Yesterday, it was announced that Conor Daly, racecar driver and son of former Fomula One and Champ Car driver Derek Daly, will be driving full time with Dale Coyne Racing for the 2016 Verizon Indycar Series season. Ok, so why am I writing about this on our Diabetes Blog? Conor Daly will be the second Indycar driver to represent us People with Diabetes. Who is the first? Charlie Kimball of Novo Nordisk Chip Ganassi Racing. I am beyond excited!
Conor has been driving in some form since he was 10 years old. He’s been around Indycar driving all his life since he’s dad was in racing. He’s driven in racing series all over the globe including Formula Mazda, GP2, GP3, Formula One (as a test driver for Sahara Force India,), Indy Lights, and now a full-time ride at Indycar. You may also have seen him in well known races as the 24 hours of Daytona and the Indianapolis 500.
“This is truly the most meaningful announcement of my career,” said Conor Daly. “After experiencing what I have in my career, especially the last three years, it is an incredible honor and opportunity to work with Dale Coyne Racing for a full season. To be able to go head to head and take the fight to other drivers every weekend is very exciting. I cannot thank Jonathan Byrd’s Hospitality & Restaurant Group and all of Jonathan Byrd’s Racing’s partners enough for their effort in putting this program together. I am ready to get to work and try my best to outwork everyone else in the field every weekend to get results for this team.”
What does that say to me? It says that we have an exciting and competitive year of Indycar racing ahead of us. Conor Daly was diagnosed with Type One Diabetes in 2007 when he was 15 years old. (Eerie tidbit, Charlie Kimball was also diagnosed in 2007.) Back to Conor: If you look at his driving accomplishments, you will find that his biggest accomplishments were made post diagnosis, so take that Diabetes!
I cannot wait to see him in action this year. I also cannot wait to buy myself a Conor Daly/Dale Coyne T-shirt to get my selfie on in. Much like my Charlie Kimball selfies!
To read more on Conor Daly, go to his website at http://www.conordaly.net and follow him at on Twitter at @conordaly22 .
Ideas have been floating in my mind about how I was going to start this week’s series of blogs. This is my first Diabetes Blog Week, and honestly, I’m a little nervous. How am I going to knock it out of the park?
I thought about listing all the things I have been able to do since I was diagnosed. I thought about the fact that after I got home from a week long stay at the hospital, my muscles had weakend and I couldn’t even get up the stairs without crying. And how with determination, I am now able to run up and down those stairs daily. I thought about talking about my first time eating out at a restaurant with my husband and diabetes and how his encouragement of not being ashamed to check my blood sugars in public and take my insulin in public has given me the strength to be able to do so many other things with him, our girls, and diabetes. I thought about all the places we have travelled to since then and the people with diabetes I’ve met along the way. I thought about talking about my JDRF walk team #teamcuttheBS and how much we’ve raised together and how proud I am of the work we’ve done.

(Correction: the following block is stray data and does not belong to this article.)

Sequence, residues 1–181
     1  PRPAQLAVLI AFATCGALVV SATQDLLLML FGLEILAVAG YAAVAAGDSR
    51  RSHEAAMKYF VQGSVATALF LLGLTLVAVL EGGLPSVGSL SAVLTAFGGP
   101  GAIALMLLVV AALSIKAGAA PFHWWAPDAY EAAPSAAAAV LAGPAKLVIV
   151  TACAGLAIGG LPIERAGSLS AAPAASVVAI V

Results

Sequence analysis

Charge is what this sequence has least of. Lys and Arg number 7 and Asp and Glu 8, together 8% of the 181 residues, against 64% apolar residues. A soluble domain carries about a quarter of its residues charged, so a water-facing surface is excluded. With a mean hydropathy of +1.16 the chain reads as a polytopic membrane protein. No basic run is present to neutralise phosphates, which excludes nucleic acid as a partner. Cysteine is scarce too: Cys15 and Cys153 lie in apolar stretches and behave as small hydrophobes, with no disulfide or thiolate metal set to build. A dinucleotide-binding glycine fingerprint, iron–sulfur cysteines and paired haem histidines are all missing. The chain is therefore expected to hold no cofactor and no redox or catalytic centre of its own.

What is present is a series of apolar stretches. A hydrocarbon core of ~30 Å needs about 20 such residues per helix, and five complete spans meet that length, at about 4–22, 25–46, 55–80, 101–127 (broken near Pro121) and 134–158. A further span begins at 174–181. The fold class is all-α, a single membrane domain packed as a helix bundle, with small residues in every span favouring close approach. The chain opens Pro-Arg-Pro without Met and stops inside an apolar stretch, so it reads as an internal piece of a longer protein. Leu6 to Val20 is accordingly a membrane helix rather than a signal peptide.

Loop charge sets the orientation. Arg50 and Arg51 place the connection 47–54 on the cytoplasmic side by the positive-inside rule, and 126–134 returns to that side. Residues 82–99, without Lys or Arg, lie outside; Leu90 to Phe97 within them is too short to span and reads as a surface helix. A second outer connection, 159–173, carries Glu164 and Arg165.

Today’s post is meant to talk about something that I am proud of accomplishing. And as proud as I am of all these things, nothing beats the text, email, or private message from one of my friends online who has been struggling with the notion of even checking his/her blood sugars. When I get that message from someone after they see a post of my meter that reads 238mg/dl asking me how I responded or the message that says, “I checked mine today too!” Or “I found my meter, I can start checking again.” Or the beer someone bought me because she was no longer “pre-diabetic.” I’d say those are the accomplishments I find most dear.
Why? Because until I sat in a room where everyone else checked their blood sugars, every time I checked my blood sugar, I felt alone. I find it impossible that I am the only person to feel this way. Why did I feel alone? No one else had to do it, no one else really had to react at the number that comes up (unless it’s super low and I’m passed out on the floor,) and no one else around feels the guilt I do when the number is “out of range” high or low. Loneliness sucks and I wish it on no one.
If I can help someone to find the strength in themselves, to get out that effing meter, prick themselves and brave whatever number flashes on that screen, then I have it it me to do anything.